# Cindy Axne



Miller-Meeks used proxy voting five times after railing against policy

“[I]t is time for the House to end the mask mandate for fully vaccinated members and bring an end [to] proxy voting,” U.S. Representative Mariannette Miller-Meeks tweeted in May 2021.

“Now that we are lifting the requirement for fully vaccinated individuals to wear masks, we should bring an end to proxy voting and return in-person work!” the Republican representing Iowa’s second district tweeted in June 2021.

“It’s time for the House to follow the science, lift the mask mandate in chamber, end proxy voting, and return to normal,” Miller-Meeks tweeted in February 2022.

Yet over the past two years Miller-Meeks signed five letters designating Republican colleagues to cast votes on her behalf. Most recently, she used a proxy for the final House floor votes of the year, recorded late last week.

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Feenstra's stance on earmarks costs his district millions

The omnibus budget bill Congress just approved will fund dozens of infrastructure projects or services in Iowa during the current fiscal year, which ends on September 30, 2023.

But none of those earmarks (totaling tens of millions of dollars) will benefit communities or facilities in the fourth Congressional district. That’s because for the second year in a row, U.S. Representative Randy Feenstra declined to ask for specific projects to be included in the federal budget.

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Hinson tries to have it both ways on budget bill

U.S. Representative Ashley Hinson is at it again.

In January 2022, the Republican made news in Iowa and nationally when she took credit for “game-changing” projects in her district, despite having voted against the infrastructure bill that made them possible.

Hinson is closing out the year by bashing the “wasteful spending” in an omnibus budget bill, while boasting about her success in “securing investments for Iowa” through the same legislation.

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Iowans join Congress, Biden in forcing bad contract on rail workers

Every member of Congress from Iowa voted this week to force a five-year contract on the freight rail industry, as President Joe Biden had requested to avert a possible strike on December 9. It was the first time since the 1990s that Congress exercised its power to intervene in national rail disputes.

Four unions representing tens of thousands of rail workers had rejected the tentative agreement, which U.S. Labor Secretary Marty Walsh helped negotiate in September. The main sticking point was the lack of paid sick leave. Instead,

The deal gave workers a 24% raise over five years, an additional personal day and caps on health care costs. It also includes some modifications to the railroads’ strict attendance policies, allowing workers to attend to medical needs without facing penalties for missing work.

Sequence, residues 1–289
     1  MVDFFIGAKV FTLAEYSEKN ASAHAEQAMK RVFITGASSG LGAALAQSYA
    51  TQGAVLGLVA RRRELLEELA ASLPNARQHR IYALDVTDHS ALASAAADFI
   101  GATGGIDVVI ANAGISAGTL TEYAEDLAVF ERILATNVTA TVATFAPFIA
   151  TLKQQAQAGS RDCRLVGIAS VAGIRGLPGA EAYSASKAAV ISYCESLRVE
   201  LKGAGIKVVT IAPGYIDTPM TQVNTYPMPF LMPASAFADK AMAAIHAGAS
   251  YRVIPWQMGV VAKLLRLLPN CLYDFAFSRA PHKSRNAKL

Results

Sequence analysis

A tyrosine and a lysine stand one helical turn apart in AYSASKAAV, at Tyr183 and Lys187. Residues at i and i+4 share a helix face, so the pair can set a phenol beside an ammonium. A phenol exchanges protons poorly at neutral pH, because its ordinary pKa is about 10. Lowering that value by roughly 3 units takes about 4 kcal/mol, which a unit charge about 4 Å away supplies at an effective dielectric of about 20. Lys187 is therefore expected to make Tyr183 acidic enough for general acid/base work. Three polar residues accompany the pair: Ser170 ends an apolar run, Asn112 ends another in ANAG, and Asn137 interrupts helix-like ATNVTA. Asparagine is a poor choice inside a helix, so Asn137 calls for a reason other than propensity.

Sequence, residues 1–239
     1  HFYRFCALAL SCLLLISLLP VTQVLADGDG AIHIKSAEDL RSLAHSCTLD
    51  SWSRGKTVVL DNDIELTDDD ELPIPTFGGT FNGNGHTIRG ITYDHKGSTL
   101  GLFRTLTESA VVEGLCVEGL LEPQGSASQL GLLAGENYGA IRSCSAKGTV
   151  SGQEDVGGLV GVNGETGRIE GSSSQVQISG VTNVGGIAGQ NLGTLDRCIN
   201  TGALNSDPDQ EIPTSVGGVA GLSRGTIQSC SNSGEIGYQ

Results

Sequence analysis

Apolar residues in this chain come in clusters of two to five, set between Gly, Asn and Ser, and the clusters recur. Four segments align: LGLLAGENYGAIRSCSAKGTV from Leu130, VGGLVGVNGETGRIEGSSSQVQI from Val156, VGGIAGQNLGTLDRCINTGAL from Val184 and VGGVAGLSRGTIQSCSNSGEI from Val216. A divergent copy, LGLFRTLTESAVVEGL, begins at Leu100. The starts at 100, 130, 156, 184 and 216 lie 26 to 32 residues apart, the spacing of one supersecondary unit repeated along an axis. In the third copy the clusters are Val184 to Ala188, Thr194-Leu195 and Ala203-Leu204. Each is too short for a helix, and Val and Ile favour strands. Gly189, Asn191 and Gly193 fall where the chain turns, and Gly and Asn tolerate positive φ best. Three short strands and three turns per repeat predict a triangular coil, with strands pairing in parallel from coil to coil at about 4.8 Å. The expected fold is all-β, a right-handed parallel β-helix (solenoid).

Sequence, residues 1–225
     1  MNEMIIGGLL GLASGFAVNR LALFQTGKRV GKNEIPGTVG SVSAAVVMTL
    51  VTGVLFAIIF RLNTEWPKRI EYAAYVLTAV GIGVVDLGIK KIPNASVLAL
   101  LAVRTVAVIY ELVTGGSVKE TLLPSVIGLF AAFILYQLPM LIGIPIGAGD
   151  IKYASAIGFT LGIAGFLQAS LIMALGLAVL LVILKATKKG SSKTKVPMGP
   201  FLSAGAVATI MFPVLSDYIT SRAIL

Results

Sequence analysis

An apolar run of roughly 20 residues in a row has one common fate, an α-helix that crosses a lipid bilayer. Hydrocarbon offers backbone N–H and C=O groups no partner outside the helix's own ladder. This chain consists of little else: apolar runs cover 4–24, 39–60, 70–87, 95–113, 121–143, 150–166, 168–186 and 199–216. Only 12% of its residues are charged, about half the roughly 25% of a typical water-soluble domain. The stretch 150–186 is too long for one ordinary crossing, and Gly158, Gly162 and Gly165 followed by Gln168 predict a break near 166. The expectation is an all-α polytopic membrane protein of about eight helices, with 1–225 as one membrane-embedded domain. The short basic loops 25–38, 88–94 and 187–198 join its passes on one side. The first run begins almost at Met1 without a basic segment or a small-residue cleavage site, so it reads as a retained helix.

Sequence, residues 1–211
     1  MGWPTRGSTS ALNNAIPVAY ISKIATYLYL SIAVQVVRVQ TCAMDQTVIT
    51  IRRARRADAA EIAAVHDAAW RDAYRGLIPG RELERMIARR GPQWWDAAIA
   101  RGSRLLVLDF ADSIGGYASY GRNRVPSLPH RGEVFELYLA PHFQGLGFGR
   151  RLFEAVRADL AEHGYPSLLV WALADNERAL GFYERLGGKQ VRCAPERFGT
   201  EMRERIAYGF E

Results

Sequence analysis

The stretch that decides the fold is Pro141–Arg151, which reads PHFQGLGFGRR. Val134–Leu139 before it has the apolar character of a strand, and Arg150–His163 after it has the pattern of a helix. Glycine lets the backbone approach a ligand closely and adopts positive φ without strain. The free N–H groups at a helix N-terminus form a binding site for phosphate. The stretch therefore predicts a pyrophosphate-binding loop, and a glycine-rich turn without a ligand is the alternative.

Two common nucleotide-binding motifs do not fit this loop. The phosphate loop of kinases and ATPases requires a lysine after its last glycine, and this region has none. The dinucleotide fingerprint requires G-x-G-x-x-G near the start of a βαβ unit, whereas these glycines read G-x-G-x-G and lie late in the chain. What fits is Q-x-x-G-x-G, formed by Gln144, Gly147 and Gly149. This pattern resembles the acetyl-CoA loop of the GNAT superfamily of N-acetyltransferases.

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Did low turnout sink Iowa Democratic candidates?

Fourth in a series interpreting the results of Iowa’s 2022 state and federal elections.

Many people have asked why Iowa experienced the red wave that didn’t materialize across most of the country. While no one factor can account for the result, early signs point to turnout problems among groups that favor Democratic candidates.

Although this year’s turnout was the second-highest in absolute numbers for an Iowa midterm, participation was down about 8 percent compared to the 2018 general election. The number of Iowans who cast ballots this year (1,230,416) was closer to the 2014 level (1,142,311) than to the high-water mark of 1,334,279, reached four years ago.

My impression is that the decline in turnout was not evenly distributed, but was more pronounced among registered Democrats than among Republicans, who have long been more reliable midterm voters in Iowa.

That alone could account for the narrow defeats of U.S. Representative Cindy Axne (who lost to Zach Nunn in the third Congressional district by 2,145 votes, a margin of 50.3 percent to 49.6 percent), Attorney General Tom Miller (lost to Brenna Bird by 20,542 votes, 50.8 percent to 49.1 percent), and State Treasurer Michael Fitzgerald (lost to Roby Smith by 30,922 votes, or 51.3 percent to 48.7 percent).

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Self-governance: It could be worse. It should be better

Herb Strentz was dean of the Drake School of Journalism from 1975 to 1988 and professor there until retirement in 2004. He was executive secretary of the Iowa Freedom of Information Council from its founding in 1976 to 2000.

“It could be worse.”

At the start of 2022, friends may have uttered those four words to console or comfort us.

As the midterm elections approach, those four words may be prophetic.

Every election in a democracy —from township to presidency — is threatened by voters who are ill-informed, misinformed, and/or uninformed.

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